SL2525: .525" Straight bore hand slide with 3 removable lead pipes, models H, and T (small tenor shank), and X (large shank)

SL2547: Dual bore, .525" bore in upper tube - .547" bore in lower tube, three removable lead pipes models H, T (small tenor shank), and X (large shank)

SL4747: Traditional 88H slide, .547" bore in upper and lower tubes, three removable lead pipes, models S, R and M

SL4762: - Dual bore, .547" bore in upper tube - .562" bore in lower tube, three removable lead pipes, models S, R and M

SL6262: - Traditional bass slide, .562" bore in upper and lower tubes, three removable lead pipes, models B, C and D

 

Lead pipe options:


S Lead pipe - features standard large shank receiver and taper designed for traditional response characteristics. For SL4747 and SL4762.

R Lead pipe - features Remington large shank receiver and longer taper designed for traditional response characteristics. For SL4747 and SL4762.

M Lead pipe - features standard large shank receiver and longer taper designed for less resistance. For SL4747 and SL4762

H Lead pipe - features standard small shank receiver with short venturi designed for added flexibility. For SL2525 and SL2547

T Lead pipe - features standard small shank receiver with a long venturi designed for added flexibility. For SL2525 and SL2547

X Lead pipe - features standard large shank receiver with a straight taper designed for great flexibility. For SL2525 and SL2547.

B Leadpipe - features standard large shank receiver with a long venturi & slower taper designed for traditional response characteristics. For SL6262.

C Lead pipe - features standard large shank receiver with a short venturi and slower taper for added stability. For SL6262

D Lead pipe - features standard large shank receiver with a short venturi and quick taper for increased flexibility. For SL6262

 

88H; THE STORY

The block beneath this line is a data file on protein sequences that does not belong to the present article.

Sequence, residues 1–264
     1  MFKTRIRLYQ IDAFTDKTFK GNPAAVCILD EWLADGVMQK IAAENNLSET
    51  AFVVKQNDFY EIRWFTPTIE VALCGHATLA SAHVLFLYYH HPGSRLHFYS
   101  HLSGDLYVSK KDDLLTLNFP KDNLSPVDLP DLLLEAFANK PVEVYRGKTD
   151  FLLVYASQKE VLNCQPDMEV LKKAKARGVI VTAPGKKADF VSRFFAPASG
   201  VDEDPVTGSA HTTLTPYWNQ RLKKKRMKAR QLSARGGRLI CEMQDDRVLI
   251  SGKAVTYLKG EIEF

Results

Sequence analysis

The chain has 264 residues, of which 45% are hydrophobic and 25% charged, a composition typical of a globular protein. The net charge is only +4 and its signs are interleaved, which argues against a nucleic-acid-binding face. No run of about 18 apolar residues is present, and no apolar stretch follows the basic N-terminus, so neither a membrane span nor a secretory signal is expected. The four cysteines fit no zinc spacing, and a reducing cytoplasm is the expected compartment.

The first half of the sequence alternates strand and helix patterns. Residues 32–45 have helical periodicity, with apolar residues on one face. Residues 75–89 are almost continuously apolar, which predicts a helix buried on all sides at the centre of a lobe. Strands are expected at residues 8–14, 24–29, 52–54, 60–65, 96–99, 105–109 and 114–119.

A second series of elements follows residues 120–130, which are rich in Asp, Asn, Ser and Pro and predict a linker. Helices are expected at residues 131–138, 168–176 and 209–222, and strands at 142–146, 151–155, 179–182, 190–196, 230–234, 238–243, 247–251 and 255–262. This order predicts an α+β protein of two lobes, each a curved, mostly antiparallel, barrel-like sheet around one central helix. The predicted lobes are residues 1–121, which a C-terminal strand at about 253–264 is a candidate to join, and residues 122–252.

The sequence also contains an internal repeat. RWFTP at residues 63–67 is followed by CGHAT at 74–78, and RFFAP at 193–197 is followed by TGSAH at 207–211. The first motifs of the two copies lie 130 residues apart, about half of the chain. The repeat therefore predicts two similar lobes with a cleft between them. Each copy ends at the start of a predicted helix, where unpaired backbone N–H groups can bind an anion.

THE STORY of the C.G. Conn® 88H trombone ultimately begins in 1875 with the vision and determination of one man: Charles Gerard Conn (1844-1931). Born in upstate New York, C.G. Conn was a Civil War soldier and cornetist who, in 1875, founded a band instrument manufacturing company in the small town of Elkhart, Indiana. Though known primarily for his innovative cornets, Conn rapidly branched out into other brass instruments and by the turn of the century was producing many different styles of valve and slide trombones. Under Conn’s direction, his company grew to become the largest producer of trombones in the United States and earned a lasting reputation as “America’s trombone house.” In 1915, Carl Greenleaf purchased the C.G. Conn Company, renaming it C.G. Conn Ltd. Greenleaf soonBegan an aggressive research and development program which resulted in a wealth of new trombones and other instruments. Among these was the 8H, a .547˝ bore straight symphonic trombone available with an optional F attachment. In the 1940’s, responding to the more demanding role of low brass in contemporary symphonic literature, C.G. Conn Ltd. Began refining the 8H. With the assistance of “The Chief,” Dr. Emory Remington, Conn perfected this design and in 1954 introduced the Model 88H. This instrument, the definitive 88H, incorporated the features which are still recognized by trombonists everywhere: 8-1/2˝ thin wall rose brass bell, rose brass outer slides, and Remington taper mouthpiece and receiver.The 88H rapidly gained popularity as a symphonic tenor trombone in ensembles favouring a heroic, robust lower brass section. Its unique tone colour and refusal to “break up” even at the most extreme dynamics made it one of the most widespread professional symphonic trombones in the United States and throughout much of Europe. The Conn 88H has remained in continuous production since its introduction, a record unequalled by any other American symphonic trombone. Tastes and musical requirements change, of course. Modern trombonists are routinely expected to perform literature that makes technical demands which were unheard-of when the 88H was introduced. Therefore, in the 1990’s United Musical Instruments (successor to C.G. Conn Ltd.) introduced a second generation of 88H: the 88H “GEN2.” Today’s Conn 88H GEN2 is available in open and closed wrap configurations; with standard rotor valve or Christian Lindberg CL2000 valve (patent pending); in four bell materials; with straight and dual bore slides; and with interchangeable lead pipes for bothRemington and standard taper mouthpiece shanks. These options, combined with other UMI improvements— such as tapered rotor bodies and bearings, mechanical linkages, and adjustable thumb levers — have made the Conn 88H GEN2 the choice of discriminating professional trombonists around the world. UMI has also introduced a new level of manufacturing sophistication to the 88H at its facility in Eastlake, Ohio, the proud home of the 88H GEN2 family. Today’s 88H GEN2 trombones are sophisticated and contemporary in every sense — but they continue to reflect the genius of C.G. Conn, Carl Greenleaf, Emory Remington, and the legions of players who have made the 88H a legend in the tromboneCommunity. The Conn 88H GEN2. A trombone with a future as bright as it’s past.